If MIDI was used in this or any other system to achieve proportional control, it is likely that key velocity would need to be measured, as it is in even the cheapest commercial synthesisers and electronic keyboards. A common way to measure velocity is to give each key two contacts instead of one. One contact closes when the key begins to fall, and the second when the key has reached nearly the end of its travel. The time between these two events is measured electronically, converted to velocity, and transmitted as a binary number in the associated MIDI message. (In practice velocity can also be measured in other ways, and moreover metallic key contacts might not be used either. Increasing use is being made of contact-less key sensors 5,7.) Unfortunately MIDI imposes limitations on the range and precision of velocity data that can be encoded, with the usual result that very fast or very slow velocities are not transmitted correctly. One consequence of this is that, if the key were to be depressed too slowly, the pipes might not sound at all. You can demonstrate this to yourself easily if you have a synthesiser or electronic keyboard - merely press the keys slowly and see whether they produce any sound. It is possible that an enlightened designer could incorporate means to get round this effect. But what could not be circumvented without much more difficulty is a related problem – which turns out to be yet another source of time delay.
Obviously, the key velocity measurement cannot be completed until it has moved between the two notional contacts referred to above. This means that the associated MIDI message cannot begin to be transmitted until the key has virtually reached the limit of its travel, implying yet another form of delay inherent in the MIDI system. By contrast, in a mechanical action, no matter how slowly the key falls the pipes will begin to sound almost as soon as the key begins to move. So MIDI for classical pipe organs needs to be considerably more sophisticated than for synthesiser use if it is to properly simulate a traditional mechanical action. In making it more sophisticated it is possible the system could no longer be called a MIDI system.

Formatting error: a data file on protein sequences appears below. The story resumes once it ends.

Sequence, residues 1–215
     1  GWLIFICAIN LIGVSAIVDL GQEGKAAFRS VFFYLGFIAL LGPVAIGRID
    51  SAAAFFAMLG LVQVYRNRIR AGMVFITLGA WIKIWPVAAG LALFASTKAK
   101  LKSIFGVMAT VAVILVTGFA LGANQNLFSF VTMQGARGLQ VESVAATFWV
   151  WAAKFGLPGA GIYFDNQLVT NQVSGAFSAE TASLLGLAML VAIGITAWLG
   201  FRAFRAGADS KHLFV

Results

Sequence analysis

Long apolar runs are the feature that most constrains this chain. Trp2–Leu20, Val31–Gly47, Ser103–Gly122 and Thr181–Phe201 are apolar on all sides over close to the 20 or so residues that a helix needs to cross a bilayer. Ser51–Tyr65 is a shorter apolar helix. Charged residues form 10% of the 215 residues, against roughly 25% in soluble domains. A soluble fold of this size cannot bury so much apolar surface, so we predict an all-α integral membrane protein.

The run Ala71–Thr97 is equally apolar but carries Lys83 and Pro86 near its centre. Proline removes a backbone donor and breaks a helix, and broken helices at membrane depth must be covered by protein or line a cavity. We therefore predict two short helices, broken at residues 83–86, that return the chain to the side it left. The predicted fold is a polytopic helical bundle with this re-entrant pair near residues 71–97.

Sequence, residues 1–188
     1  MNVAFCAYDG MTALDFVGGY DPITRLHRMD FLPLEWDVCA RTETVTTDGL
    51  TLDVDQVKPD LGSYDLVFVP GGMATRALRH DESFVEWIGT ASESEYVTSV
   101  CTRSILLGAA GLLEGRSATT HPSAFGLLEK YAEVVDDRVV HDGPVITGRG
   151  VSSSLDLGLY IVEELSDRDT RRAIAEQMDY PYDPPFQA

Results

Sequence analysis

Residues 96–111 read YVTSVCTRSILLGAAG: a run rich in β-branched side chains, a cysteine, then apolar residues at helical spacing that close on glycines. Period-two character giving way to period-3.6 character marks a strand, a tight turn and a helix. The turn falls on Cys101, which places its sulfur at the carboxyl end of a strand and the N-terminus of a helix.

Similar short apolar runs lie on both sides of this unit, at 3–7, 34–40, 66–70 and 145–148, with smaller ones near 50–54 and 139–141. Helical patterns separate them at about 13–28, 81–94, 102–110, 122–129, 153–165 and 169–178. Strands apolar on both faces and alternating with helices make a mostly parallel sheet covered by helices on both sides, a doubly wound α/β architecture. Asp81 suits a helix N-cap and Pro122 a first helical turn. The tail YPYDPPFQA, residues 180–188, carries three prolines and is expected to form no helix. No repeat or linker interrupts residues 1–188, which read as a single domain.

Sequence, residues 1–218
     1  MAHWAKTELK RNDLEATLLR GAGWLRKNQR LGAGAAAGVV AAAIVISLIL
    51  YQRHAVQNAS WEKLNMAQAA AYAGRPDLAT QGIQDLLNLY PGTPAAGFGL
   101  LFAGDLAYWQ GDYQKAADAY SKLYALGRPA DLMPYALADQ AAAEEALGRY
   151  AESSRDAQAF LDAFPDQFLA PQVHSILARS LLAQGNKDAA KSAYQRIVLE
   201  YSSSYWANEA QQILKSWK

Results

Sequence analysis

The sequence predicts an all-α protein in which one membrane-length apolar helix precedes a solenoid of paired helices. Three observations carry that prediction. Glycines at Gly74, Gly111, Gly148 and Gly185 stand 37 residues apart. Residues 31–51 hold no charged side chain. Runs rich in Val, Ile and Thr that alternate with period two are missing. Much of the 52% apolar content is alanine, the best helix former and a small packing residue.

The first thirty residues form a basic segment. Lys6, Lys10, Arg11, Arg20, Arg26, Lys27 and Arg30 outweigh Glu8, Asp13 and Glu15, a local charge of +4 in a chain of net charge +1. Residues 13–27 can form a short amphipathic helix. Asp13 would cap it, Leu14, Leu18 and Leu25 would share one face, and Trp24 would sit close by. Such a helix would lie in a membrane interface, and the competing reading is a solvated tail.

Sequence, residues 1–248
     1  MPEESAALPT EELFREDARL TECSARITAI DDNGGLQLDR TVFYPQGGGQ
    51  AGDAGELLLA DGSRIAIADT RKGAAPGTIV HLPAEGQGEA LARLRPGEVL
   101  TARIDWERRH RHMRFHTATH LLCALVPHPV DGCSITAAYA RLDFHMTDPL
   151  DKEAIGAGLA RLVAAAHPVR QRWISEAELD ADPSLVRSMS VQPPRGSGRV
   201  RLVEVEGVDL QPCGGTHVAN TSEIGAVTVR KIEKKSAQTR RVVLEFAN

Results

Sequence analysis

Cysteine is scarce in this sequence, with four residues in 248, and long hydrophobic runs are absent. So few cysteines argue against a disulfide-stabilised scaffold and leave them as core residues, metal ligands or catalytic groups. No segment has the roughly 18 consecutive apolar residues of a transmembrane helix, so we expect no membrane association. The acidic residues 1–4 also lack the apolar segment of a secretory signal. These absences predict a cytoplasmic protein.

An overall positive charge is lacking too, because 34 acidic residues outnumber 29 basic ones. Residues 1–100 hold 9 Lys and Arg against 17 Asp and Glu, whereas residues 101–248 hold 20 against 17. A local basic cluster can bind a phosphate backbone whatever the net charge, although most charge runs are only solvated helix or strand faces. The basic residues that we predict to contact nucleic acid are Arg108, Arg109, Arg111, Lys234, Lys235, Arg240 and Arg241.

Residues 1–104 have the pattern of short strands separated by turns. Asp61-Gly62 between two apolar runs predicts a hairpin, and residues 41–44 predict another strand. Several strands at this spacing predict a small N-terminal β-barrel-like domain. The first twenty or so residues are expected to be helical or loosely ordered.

The main points arising from this article are:
If one wishes to avoid MIDI altogether one can obviously do so with a purely mechanical action, provided it does not have electric assistance that might rely on MIDI. An old-fashioned electric action with one wire from each key to each pallet will also not suffer from any of these problems, despite its other inconveniences. If it is mandatory to use an electronic transmission in an electric action, the scheme of Figure 1 might be considered as it does not use MIDI. But care should be taken to use a sufficiently high scanning rate, at least several hundred scans per second, if multiplexing time delays are not to become troublesome.
Finally nothing in this article should be interpreted as "anti-MIDI". Reference has been made several times to the fact that by careful design the severity of the problems highlighted can be reduced. It has also been stated that in an organ which uses MIDI, if you cannot find a way to test it which demonstrates these problems then clearly there is nothing to worry about. Notwithstanding this, there are systems in existence which do exhibit these problems, and the mere fact that terms such as choke and delay are standard parts of MIDI culture confirms that users need to be aware of them. The purpose of this paper has been merely to ensure that all organists have this level of awareness.